Democratic Debate not likely to be decisive

Rick Moran
Barack Obama and Hillary will square off for what will probably be the last debate of the campaign tonight in Pennsylvania. It will be broadcast from 8:00 - 10:00 PM Eastern time on ABC.

A debate this late in the campaign is more full of traps than opportunities. Both candidates are well aware that a gaffe at this stage would be very difficult to overcome. That's why they are not going to say anything that will offend anyone.

But several interesting scenarios regarding Barack Obama are emerging that may make this a very uncomfortable evening:

The campaign has taken several twists and turns since March 4, when Clinton won Ohio, Rhode Island and the Texas popular vote, and Obama won Vermont. And Wednesday’s debate may keep the focus on some of themes that have dominated the campaign storyline over that six-week period– Obama’s small-town remarks and his former pastor; Clinton’s debunked Bosnia story –rather than on major policy differences, which have minimized over the course of the primary season.

Obama was holed up Tuesday night in his Philadelphia hotel, prepping for the debate. Aides said the Illinois senator will continue to defend the gist of his remarks by arguing that it is his rivals who are out of touch.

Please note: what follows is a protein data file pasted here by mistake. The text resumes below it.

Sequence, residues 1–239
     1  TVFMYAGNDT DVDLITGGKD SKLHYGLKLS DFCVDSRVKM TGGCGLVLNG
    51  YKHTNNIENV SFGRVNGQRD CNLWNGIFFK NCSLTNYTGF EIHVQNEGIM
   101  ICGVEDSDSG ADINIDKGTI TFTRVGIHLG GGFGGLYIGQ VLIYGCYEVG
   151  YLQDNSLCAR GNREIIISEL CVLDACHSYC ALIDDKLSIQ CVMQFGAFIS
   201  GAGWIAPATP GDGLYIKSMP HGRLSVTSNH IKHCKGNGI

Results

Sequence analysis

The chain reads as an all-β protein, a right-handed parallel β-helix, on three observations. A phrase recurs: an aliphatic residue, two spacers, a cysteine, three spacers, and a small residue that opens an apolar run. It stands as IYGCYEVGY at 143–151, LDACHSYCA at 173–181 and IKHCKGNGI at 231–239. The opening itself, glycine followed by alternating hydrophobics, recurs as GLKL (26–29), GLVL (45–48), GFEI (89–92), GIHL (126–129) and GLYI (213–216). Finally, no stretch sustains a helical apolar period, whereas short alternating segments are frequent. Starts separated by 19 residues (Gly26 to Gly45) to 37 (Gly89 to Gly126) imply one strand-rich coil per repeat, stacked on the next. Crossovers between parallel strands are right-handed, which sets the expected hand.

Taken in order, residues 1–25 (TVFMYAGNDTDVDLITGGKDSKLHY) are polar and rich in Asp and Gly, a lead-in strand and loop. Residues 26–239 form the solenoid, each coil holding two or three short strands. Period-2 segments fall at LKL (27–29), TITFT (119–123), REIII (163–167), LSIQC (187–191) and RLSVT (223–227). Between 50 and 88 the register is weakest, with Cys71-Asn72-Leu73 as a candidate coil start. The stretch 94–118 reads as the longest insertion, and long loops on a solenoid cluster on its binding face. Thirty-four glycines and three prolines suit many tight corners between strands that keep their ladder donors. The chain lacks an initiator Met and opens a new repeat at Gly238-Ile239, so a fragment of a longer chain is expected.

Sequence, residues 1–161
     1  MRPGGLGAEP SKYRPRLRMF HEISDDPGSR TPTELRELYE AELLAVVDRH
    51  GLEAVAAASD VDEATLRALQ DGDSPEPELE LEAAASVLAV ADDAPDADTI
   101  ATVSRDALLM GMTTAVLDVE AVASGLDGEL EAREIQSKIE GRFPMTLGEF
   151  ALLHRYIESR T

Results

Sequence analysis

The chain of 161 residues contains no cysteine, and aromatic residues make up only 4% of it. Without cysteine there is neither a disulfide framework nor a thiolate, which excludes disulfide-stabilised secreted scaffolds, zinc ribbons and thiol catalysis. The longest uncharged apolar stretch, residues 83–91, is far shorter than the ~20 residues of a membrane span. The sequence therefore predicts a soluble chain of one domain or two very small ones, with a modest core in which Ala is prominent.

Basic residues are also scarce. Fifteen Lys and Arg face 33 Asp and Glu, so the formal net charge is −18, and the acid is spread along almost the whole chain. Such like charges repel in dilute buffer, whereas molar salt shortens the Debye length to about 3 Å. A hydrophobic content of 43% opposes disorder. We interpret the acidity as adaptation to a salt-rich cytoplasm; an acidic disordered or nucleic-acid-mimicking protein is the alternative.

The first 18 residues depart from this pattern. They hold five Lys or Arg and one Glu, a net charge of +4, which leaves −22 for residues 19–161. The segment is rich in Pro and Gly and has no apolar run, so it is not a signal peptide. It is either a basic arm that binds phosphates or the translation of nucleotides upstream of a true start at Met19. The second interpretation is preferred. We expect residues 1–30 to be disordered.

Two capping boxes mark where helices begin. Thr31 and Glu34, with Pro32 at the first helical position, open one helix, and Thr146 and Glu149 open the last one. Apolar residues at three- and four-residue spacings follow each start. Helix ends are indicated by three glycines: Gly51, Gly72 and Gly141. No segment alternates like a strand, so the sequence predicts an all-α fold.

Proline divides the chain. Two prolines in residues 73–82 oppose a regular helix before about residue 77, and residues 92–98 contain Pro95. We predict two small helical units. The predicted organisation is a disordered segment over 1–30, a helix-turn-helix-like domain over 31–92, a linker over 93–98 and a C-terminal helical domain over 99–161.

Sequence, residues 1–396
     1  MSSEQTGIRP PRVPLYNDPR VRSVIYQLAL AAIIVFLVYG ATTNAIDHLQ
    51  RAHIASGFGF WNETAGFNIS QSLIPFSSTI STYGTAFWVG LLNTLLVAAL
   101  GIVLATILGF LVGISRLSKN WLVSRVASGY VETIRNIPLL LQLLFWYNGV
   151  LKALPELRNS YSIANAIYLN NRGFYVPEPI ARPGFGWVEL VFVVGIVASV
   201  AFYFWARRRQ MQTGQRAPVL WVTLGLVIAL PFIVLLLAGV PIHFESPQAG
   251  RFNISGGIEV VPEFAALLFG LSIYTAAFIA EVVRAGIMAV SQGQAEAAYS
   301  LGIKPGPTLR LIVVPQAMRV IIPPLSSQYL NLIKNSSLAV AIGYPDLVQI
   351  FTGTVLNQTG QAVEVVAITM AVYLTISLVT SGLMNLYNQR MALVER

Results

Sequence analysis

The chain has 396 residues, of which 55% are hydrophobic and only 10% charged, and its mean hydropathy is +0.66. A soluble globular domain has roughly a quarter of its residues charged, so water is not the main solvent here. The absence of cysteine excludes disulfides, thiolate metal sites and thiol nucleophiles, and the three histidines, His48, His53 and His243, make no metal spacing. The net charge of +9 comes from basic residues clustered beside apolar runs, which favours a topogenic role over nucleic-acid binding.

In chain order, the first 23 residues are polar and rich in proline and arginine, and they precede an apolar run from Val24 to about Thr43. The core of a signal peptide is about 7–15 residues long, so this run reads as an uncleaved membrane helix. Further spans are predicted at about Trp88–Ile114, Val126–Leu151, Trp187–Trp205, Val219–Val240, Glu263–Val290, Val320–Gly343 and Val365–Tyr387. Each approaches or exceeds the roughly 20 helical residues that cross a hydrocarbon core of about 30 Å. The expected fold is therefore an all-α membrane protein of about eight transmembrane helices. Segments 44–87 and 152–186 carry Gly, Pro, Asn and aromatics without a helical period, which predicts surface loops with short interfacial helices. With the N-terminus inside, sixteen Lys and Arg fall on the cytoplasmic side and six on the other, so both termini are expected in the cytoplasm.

His wife, Michelle, joined his defense at a stop Tuesday in suburban Philadelphia, offering details of their modest upbringings as a way to deflate the charges of elitism. “There’s a lot of people talking about elitism and all of that,” Michelle Obama told a gathering at Haverford College. “So let me tell you who Barack and I are, so you are not confused. Yeah, I went to Princeton and Harvard, but the lens through which I see the world is the lens I grew up with. I am the product of a middle class upbringing, I grew up on the South Side of Chicago, in a working class community.”

Clinton must strike the right balance between challenging Obama on his “bitter” remarks and eliciting groans from the audience with her criticism, as she did Monday during an event in Pittsburgh – an awkward moment that now opens Obama’s latest Pennsylvania TV ad.
Obama's staff, no doubt, is grilling him on how to answer the charge that he is an elitist because of his remarks in San Francisco. Rather than telling him what to say, they are probably telling him what he shouldn't say - to avoid certain words and phrases that would only make the situation worse.

Hillary will have an easier time dismissing questions about landing under fire in Bosnia. She will make some joke about her memory and that will probably suffice.

The real question is how rough the press will get. Questions will come from George Stephanopolous and Charlie Gibson. The latter is probably more likely to ask tough questions of Obama because Stephanopolous, who once worked for the Clintons, will not want to be seen playing favorites.

Will Obama make the problem worse? Some analysts believe every time he opens his mouth on the issue, it is dangerous to him. Indeed, he runs the risk of misstating his case again. But I don't think he'll have much trouble because the moderators simply won't go there the way they should.